Do Markets Cointegrate after Financial Crises? Evidence from G-20 Stock Markets
AbstractThe results of the single-equation cointegration tests indicate that patterns of cointegration in the two main and four sub-periods are not homogeneous. Two key findings emerge from the study. First, fewer stock markets cointegrated with S&P 500 during the crisis period than they did during the pre-crisis. In other words, as the 2008 financial crisis deepened, S&P 500 and G-20 stock indices moved towards less cointegration. The decreasing number of cointegrating relationships implies that the U.S. stock markets and other G-20 markets have experienced different driving forces since the start of the U.S. crisis. Second, among those markets that are cointegrated with S&P 500, they happened to be deeply affected by S&P and the shocks emerging from it. The 2007–2009 financial crises can be considered a structural break in the long-run relationship and may have resulted from effective joint intervention/responses taken by members of G-20 nations. View Full-Text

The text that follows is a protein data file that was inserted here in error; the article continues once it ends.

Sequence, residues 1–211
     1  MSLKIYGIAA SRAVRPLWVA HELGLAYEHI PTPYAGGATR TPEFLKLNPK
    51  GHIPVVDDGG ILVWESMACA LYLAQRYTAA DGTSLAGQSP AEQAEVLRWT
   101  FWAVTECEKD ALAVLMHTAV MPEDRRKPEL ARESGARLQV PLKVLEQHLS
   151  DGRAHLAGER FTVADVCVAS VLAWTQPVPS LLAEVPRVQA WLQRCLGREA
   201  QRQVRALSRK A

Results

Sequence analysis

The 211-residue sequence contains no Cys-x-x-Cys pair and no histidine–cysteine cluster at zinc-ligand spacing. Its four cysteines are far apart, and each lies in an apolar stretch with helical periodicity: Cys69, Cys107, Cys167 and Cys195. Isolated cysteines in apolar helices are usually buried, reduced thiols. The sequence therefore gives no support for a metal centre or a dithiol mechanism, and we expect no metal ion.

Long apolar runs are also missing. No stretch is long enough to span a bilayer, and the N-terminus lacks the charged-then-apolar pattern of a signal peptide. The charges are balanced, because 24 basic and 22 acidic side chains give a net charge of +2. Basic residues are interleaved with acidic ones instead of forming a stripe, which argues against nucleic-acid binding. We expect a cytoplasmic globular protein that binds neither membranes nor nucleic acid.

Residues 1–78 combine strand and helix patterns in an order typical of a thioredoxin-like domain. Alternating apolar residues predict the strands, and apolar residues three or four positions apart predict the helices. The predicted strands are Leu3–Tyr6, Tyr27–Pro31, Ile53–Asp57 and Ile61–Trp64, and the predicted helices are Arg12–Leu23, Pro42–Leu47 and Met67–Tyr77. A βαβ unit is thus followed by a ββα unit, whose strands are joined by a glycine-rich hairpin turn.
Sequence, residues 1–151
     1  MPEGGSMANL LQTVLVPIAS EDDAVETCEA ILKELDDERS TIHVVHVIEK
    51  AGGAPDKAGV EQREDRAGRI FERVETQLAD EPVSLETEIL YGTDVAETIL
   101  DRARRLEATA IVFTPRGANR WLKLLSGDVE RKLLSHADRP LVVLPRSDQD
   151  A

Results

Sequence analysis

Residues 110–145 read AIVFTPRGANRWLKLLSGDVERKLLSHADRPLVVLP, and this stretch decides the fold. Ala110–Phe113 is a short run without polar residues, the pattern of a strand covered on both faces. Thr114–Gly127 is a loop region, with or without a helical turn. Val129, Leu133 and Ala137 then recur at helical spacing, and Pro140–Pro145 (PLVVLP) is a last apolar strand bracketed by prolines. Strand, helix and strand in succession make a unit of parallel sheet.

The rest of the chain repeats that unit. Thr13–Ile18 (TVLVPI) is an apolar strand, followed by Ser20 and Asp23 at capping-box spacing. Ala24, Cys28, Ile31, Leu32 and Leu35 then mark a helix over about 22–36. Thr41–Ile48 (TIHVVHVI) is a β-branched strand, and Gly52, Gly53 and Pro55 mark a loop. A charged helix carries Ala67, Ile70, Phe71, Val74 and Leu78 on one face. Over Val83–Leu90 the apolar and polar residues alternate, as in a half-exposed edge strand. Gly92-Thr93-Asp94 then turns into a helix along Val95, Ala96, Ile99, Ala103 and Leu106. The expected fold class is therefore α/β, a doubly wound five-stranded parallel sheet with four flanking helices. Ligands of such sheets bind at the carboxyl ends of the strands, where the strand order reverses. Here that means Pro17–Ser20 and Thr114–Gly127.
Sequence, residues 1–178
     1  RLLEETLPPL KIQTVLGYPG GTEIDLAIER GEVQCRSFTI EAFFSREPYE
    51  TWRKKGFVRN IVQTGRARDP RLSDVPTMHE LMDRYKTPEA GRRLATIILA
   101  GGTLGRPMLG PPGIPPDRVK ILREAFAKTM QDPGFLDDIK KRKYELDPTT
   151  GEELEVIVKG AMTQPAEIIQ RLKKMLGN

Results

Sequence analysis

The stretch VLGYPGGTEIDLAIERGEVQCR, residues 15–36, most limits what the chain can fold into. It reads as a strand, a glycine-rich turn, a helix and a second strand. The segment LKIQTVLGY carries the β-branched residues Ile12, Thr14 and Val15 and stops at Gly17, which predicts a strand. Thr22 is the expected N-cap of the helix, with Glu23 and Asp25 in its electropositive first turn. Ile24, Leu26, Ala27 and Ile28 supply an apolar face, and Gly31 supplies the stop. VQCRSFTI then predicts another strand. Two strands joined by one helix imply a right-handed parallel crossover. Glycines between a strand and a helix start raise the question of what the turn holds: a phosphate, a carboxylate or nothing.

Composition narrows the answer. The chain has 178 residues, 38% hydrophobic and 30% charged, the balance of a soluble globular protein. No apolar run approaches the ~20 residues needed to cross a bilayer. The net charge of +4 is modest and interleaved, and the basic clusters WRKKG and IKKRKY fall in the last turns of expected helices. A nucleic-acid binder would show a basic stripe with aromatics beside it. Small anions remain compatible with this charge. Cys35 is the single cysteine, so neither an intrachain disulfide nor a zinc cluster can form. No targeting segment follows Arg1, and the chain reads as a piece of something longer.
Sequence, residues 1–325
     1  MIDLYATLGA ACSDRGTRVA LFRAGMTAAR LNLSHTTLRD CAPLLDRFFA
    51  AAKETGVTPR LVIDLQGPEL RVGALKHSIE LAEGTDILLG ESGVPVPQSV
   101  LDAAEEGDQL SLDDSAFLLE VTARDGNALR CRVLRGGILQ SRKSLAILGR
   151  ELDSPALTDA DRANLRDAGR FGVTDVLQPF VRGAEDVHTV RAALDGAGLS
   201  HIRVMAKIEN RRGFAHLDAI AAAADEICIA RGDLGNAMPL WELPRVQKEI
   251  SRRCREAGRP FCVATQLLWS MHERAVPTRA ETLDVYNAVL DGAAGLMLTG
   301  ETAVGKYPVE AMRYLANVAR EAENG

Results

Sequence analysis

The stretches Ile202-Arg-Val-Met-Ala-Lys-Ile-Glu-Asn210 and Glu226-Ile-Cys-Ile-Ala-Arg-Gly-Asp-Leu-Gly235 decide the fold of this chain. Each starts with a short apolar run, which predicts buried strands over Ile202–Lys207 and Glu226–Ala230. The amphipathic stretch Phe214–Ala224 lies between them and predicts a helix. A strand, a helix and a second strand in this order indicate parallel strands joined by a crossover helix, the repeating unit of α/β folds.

Scifeed alert for new publicationsNever miss any articles matching your research from any publisher
- Get alerts for new papers matching your research
- Find out the new papers from selected authors
- Updated daily for 49'000+ journals and 6000+ publishers
- Define your Scifeed now
Haque, M.; Shamsub, H. Do Markets Cointegrate after Financial Crises? Evidence from G-20 Stock Markets. Int. J. Financial Stud. 2015, 3, 557-586.
Haque M, Shamsub H. Do Markets Cointegrate after Financial Crises? Evidence from G-20 Stock Markets. International Journal of Financial Studies. 2015; 3(4):557-586.Chicago/Turabian Style
Haque, Mahfuzul; Shamsub, Hannarong. 2015. "Do Markets Cointegrate after Financial Crises? Evidence from G-20 Stock Markets." Int. J. Financial Stud. 3, no. 4: 557-586.